My Mac resurrected itself after a few hours . . . Mystifying. Seems to die when the battery falls to 25-30%
The UK: Figures for excess deaths show that around 1,000 more people than usual are dying each week from conditions other than the virus. The Department of Health has ordered an investigation amid concern that the deaths are linked to delays to and deferment of treatment for conditions such as cancer, diabetes and heart disease. Over the past 2 months, the number of excess deaths not from Covid dwarfs the number linked to the virus. The figures suggest the country is facing a new silent health crisis linked to the pandemic response rather than to the virus itself.
Life in Spain
See the first article below, from a positive chap called Simon Kuper. Well, at least he’s positive about uppitiest here in the North.
Cosas de Spain/Galiza
It’s an ill wind . . . A huge megalithic complex of more than 500 standing stones has been discovered in Guadalperal, Huelva that could be one of the largest in Europe,
Allegedly where the Spaniards go to in Spain.
The retail scene in Pv city is constantly changing, nowhere more so than down near the market. Where only 2 of 11 shops are still operating. One is a pharmacist and the other is a kitchen shop where I get my knives sharpened. Pretty bleak there. There’s a shop on the Camino – Rúa Real – run by a couple who dress oddly and have unusual hairstyles. It seems to cater for the hirsute but I’ve never seen a customer in it. I expect it to close ere too long:-
Talking of hair . . . This is the Pv character I cited the other day, with a colourful new bonce.
And talking of Rúa Real . . . This is a fine facade in Plaza de Teucro – the city’s mythical founder – just off that street. I’ve passed it hundreds of times without really looking at – and admiring – it:-
Caitlin Moran on Boris Johnson: Having only just recovered from his luxurious wedding celebration, and subsequent honeymoon in Slovenia, this week our “prime minister” Boris Johnson was on holiday yet again — this time, in Greece. Many have been critical that Johnson now seems entirely disengaged from his job at a time when Britons are suffering from both drought and flood, facing an unprecedented cost-of-living crisis. And I get that it feels pretty rich to be watching this dude — who’s on our dollar — have the kind of magical summer more usually reserved for the Make-A-Wish Foundation’s priority cases. But, think about it: he is, we must remember, absolutely fucking useless. At everything. We’re surely not so mad as to think things would be better if he was back at work? He has — albeit sulkily — quarantined himself from power, and it’s literally the only favour he’s ever done us.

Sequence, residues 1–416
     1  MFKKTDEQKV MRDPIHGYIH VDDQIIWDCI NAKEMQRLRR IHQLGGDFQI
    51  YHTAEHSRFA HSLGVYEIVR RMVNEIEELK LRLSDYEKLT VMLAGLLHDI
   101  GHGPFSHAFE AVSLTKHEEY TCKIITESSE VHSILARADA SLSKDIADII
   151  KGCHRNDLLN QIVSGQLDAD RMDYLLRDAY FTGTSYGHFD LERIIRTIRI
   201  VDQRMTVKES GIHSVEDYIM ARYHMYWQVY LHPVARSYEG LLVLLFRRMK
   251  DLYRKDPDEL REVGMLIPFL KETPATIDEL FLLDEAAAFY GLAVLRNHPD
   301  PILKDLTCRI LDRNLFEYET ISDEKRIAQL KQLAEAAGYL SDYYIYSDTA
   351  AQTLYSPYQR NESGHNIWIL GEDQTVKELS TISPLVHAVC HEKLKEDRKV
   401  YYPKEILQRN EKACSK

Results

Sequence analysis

See below for a very good contribution to the questions of the day..
Not terribly surprising. But it must be annoying: I’ve heard many times Americans say things like “There are several non-white countries in Europe, such as Spain, Portugal, Serbia and Italy”.
The Way of the World
A nice riposte here to the preposterous claim about Joan of Arc’s gender identity.
I saw the word ‘diminutive’ used in respect of a footballer who is 174cm tall. As this is the average height of Spanish, British and even (all) American males, it struck me as a rather peculiar use of the word. But it would be relatively true, I guess, if the defenders he’s up against are all 180cm or more.
For new readers: If you’ve landed here looking for info on Galicia or Pontevedra, try here. If you’re passing through Pontevedra on the Camino, you’ll find a guide to the city there.
1. I’ve just spent a year based in Madrid, trying to understand Spain. I have travelled from Valencia to Cadiz, often on high-speed trains, pursuing a kind of glorious seafood-fuelled study mission. My preliminary conclusion: this is the world’s most liveable country, albeit even more for privileged foreigners than for the average Spaniard. But climate change could be particularly devastating here.
You’d think climate would be a hot dry country’s top priority, but in fact Spaniards spend more time arguing about national unity. Spain’s great modern trauma was Catalonia’s illegal referendum on independence in 2017. The federal government sent in baton-wielding police, and nine separatist organisers of the referendum were jailed for up to 13 years. In response, flags were hung from balconies nationwide as people expressed their visions of Spain. You can often read a neighbourhood’s political character just walking down the street: national flags in bourgeois Madrid neighbourhoods, various versions of Catalan flags in Barcelona, and elsewhere, increasingly, flags of other regions. Growing anxiety over national unity propelled the far-right nationalist party Vox into parliament in 2019·
Polarisation could worsen if the conservative People’s party and Vox win next year’s national elections and crack down on Cataluña. But for now, I’m impressed with how the Socialist-led government is defusing tensions, pardoning the jailed separatists and negotiating compromises – often grubby ones – with Catalanist parties. That’s how a multinational democracy is meant to work. Flags are coming down and Catalan support for independence is plummeting, partly as people realise it won’t happen: no foreign country recognised Catalan independence.